The assertion that Gertz was a Communist or part of a Communist conspiracy was false. Many of the other statements concerning his membership in particular organizations also were false. When Gertz learned of the article, he filed this diversity suit for defamation in the Northern District of Illinois. In a pre-trial ruling, the trial court held that the libelous words published by the defendant constituted libel per se. Gertz v. Robert Welch, Inc., 306 F.Supp. 310 (N.D.Ill.1969). Because of this ruling, injury was presumed, and, upon proof of the falsity of the statements in the article, the court submitted only the issue of damages to the jury. The jury returned a verdict in favor of Gertz and awarded damages of $50,000. The trial court, however, granted judgment notwithstanding the verdict on the basis that the subject matter of the article was of "public interest" and therefore required a showing of actual malice under the standard announced in New York Times v. Sullivan, 376 U.S. 254, 84 S.Ct. 710, 11 L.Ed.2d 686 (1964); Gertz v. Robert Welch, Inc., 322 F.Supp. 997 (N.D.Ill.1970). Because the court found that actual malice had not been established, the jury's verdict could not stand. On appeal, this court affirmed. Gertz v. Robert Welch, Inc., 471 F.2d 801 (7th Cir. 1972).
The Supreme Court granted certiorari and reversed. Gertz v. Robert Welch, Inc., 418 U.S. 323, 94 S.Ct. 2997, 41 L.Ed.2d 789 (1974). The Court disavowed the "public interest" doctrine 2 as a basis for requiring that actual malice be shown in suits involving defamation of private individuals. The Court further held that states could set their own standards of liability for defamation of private individuals as long as they did not impose liability without fault. Damages could not be awarded without proof of injury, however, and punitive damages required a showing of actual malice. The case was remanded for a new trial consistent with these guidelines.
On remand, Gertz amended his complaint to allege both negligence and actual malice by Welch, and requested compensatory and punitive damages. On cross-motions for summary judgment, the trial court held that, based on the law of the case, Gertz was not a public figure, but otherwise denied the motions of both parties. Shortly before trial, Welch was permitted to file an affirmative defense of conditional privilege based on the assertion that the article merely repeated statements in government publications.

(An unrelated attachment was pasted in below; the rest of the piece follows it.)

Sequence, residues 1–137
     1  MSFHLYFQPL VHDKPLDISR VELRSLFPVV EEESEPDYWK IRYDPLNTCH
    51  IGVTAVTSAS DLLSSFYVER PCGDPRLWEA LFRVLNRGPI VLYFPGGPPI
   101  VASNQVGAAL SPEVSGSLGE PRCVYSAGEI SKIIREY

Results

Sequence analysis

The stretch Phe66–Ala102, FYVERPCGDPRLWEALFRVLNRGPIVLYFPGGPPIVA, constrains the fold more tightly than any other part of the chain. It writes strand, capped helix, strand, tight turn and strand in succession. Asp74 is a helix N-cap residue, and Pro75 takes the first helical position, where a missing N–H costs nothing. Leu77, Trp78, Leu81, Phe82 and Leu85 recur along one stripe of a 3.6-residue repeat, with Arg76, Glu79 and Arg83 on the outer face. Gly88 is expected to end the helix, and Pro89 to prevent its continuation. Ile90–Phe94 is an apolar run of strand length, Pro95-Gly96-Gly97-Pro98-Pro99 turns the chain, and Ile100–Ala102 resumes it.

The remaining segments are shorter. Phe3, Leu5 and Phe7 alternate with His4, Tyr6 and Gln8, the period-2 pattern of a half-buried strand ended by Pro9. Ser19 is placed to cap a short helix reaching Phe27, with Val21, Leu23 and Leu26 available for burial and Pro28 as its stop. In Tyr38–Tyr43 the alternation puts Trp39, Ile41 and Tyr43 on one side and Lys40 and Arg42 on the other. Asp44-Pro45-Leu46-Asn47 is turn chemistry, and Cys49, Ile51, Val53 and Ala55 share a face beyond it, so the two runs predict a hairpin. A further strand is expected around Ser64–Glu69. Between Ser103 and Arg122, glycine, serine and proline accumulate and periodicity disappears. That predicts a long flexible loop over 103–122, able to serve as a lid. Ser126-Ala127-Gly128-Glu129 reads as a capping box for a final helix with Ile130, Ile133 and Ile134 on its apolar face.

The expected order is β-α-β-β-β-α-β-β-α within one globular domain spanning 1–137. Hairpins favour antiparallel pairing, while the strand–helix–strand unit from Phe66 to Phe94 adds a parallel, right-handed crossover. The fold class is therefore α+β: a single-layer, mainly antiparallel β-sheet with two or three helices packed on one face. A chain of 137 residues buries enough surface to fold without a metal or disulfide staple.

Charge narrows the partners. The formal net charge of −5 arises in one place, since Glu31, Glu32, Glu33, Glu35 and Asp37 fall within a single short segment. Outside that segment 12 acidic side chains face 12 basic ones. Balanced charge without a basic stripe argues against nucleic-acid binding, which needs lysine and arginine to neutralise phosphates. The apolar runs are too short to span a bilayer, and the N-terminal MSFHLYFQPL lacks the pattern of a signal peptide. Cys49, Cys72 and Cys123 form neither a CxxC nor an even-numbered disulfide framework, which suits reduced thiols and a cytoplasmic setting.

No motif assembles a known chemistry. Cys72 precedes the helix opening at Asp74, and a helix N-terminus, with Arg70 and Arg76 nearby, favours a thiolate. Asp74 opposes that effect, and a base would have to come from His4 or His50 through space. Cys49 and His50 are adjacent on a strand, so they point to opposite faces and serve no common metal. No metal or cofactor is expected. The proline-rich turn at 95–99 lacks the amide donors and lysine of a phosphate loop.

After a six-day trial, the jury found in favor of Gertz and awarded compensatory damages of $100,000 and punitive damages of $300,000. It is from this judgment that Welch appeals.
Welch's initial argument is that the issue of actual malice was erroneously submitted to the jury in the second trial because the law of the case doctrine precluded the relitigation of that issue. 3 Welch bases this argument on the first trial court's finding, subsequently upheld by this court and the Supreme Court, that actual malice in publication of the article had not been proved. The issue of actual malice thus was foreclosed
from being a basis for either liability or punitive damages. Welch would then read the Supreme Court's mandate remanding the case for a new trial as limited to the issues of whether liability existed and whether compensatory damages could be awarded predicated on a negligence theory. Because the trial court on remand determined that Welch was entitled to a conditional privilege which could only be overcome by a showing of actual malice, Welch argues that the trial court should have directed a verdict in its favor once the privilege was established. 4
The law of the case doctrine "is a rule of practice, based on sound policy that, when an issue is once litigated and decided, that should be the end of the matter." Barrett v. Baylor, 457 F.2d 119, 123 (7th Cir. 1972) (citing United States v. United States Smelting, Refining & Mining Co., 339 U.S. 186, 198, 70 S.Ct. 537, 544, 94 L.Ed. 750 (1950)). The doctrine is a self-imposed prudential limitation rather than a recognition of a limitation of the courts' power. 1B Moore's Federal Practice P 0.404(10) at 573 (2d ed. 1980). It is not, therefore, an immutable rule, but rather a way to foreclose continued appeals for reconsideration of prior rulings of law. In this respect, the law of the case doctrine must be distinguished from res judicata : "(O)ne directs discretion; the other supersedes it and compels judgment." Southern Railway Co. v. Clift, 260 U.S. 316, 319, 43 S.Ct. 126, 127, 67 L.Ed. 283 (1922). Accord, Connett v. City of Jerseyville, 110 F.2d 1015, 1018 (7th Cir. 1940).
There are two distinct situations where the law of the case doctrine is applicable. First, a court ordinarily will not reconsider its own decision made at an earlier stage of the trial or on a prior appeal, absent clear and convincing reasons to reexamine the prior ruling. See, e.g., Appleton Electric Co. v. Graves Truck Line, Inc., 635 F.2d 603, 607-08 (7th Cir. 1980), cert. denied, 451 U.S. 976, 101 S.Ct. 2058, 68 L.Ed.2d 357 (1981). Second, an inferior court must apply the decision of a superior appellate tribunal on remand. See, e.g., James Burrough Ltd. v. Sign of the Beefeater, Inc., 572 F.2d 574, 577 (7th Cir. 1978).
It is the second situation...
To continue readingFREE SIGN UP